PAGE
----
National Infant Immunization Week (NIIW) is an annual observance that stresses the importance of protecting infants from vaccine-preventable diseases and celebrates the achievements of immunization programs and their partners in promoting healthy communities.
Understanding the Purpose of Vaccines
How Vaccines Prevent Diseases
Includes illustrations to help you better understand how vaccines protect children from diseases.
Parents’ Guide to Childhood Immunizations
An easy to-read-guide for parents to learn about how immunization protects infants and children.
Every Child by Two's campaign, "Vaccinate Your Baby"
Don’t be deceived by immunization myths and incorrect information. Vaccines protect children by vaccination. Delaying or refusing vaccines places children across the country at risk for diseases like Hib, whooping cough and measles.
Instant Childhood Immunization Schedule (birth through six years old)
An easy to navigate web-based and printable tool to view the Centers for Disease Control and Prevention vaccination schedule for your child.
Healthcare Provider Visits
Deciding to vaccinate is a valuable opportunity to support the health and well-being of your child. Although you know that vaccinations keep your child healthy, it can be stressful for both you and your child. Learn simple strategies to support your child before, during, and after shots.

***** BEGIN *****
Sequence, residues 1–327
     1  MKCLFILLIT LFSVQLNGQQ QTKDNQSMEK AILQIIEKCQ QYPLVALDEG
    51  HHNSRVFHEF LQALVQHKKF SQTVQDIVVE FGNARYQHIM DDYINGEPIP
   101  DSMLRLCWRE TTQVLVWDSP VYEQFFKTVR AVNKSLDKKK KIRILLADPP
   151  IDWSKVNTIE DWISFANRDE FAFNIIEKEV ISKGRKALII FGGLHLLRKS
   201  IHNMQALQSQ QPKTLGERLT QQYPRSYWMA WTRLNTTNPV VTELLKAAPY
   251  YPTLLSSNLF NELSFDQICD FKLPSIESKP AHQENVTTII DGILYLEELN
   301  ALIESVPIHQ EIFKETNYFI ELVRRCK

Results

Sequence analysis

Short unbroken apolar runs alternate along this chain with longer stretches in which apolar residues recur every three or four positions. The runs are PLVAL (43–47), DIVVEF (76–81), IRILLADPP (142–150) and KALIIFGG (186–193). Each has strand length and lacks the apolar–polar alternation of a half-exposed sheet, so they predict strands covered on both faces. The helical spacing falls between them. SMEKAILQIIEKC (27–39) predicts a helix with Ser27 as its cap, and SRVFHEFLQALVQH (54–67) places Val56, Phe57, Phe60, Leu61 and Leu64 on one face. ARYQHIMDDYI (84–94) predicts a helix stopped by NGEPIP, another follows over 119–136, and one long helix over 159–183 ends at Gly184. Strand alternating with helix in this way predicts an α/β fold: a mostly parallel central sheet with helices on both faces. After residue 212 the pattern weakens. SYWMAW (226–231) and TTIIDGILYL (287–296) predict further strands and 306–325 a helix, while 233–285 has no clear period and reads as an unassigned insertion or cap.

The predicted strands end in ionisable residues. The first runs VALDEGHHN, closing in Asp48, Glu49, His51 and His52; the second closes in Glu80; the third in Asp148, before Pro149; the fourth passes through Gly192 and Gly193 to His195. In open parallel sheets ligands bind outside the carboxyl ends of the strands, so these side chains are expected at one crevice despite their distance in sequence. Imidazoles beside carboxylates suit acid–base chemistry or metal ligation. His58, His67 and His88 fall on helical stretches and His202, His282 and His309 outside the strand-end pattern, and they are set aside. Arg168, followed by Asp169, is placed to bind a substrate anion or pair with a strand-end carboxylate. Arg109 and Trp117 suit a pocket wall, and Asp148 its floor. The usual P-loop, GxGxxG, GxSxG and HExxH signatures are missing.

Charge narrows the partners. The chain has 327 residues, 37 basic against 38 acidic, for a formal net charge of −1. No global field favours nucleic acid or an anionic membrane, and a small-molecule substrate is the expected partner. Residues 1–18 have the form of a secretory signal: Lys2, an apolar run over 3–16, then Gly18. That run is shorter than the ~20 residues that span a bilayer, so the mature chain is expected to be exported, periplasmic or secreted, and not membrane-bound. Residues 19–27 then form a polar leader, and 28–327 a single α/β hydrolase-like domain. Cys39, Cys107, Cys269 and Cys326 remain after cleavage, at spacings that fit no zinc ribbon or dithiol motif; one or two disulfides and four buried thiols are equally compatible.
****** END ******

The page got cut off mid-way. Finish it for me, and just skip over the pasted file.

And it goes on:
How to Hold Your Child during Vaccinations
See how a comforting hold can support your child and make the vaccination process less stressful on you and your child.
Frequently Asked Questions
Medical Management of Vaccine Reactions in Children and Teens
A step-by-step guide on the signs of symptoms of a vaccine reaction.
If You Choose Not to Vaccinate Your Child, Understand the Risks and Responsibilities
Outlines possible risks for parents who choose to delay or decline a vaccine; offers steps for parents to take to protect their child, family and others.
Vaccinate Your Family a program of Every Child by Two (ECBT). A vaccine save lives and reduces disease related complications. Supported by, but not limited to, the American Academy of Pediatrics, National Foundation of Infectious Disease (NFID), Centers for Disease Control and Prevention (CDC), and American Academy of Family Physicians.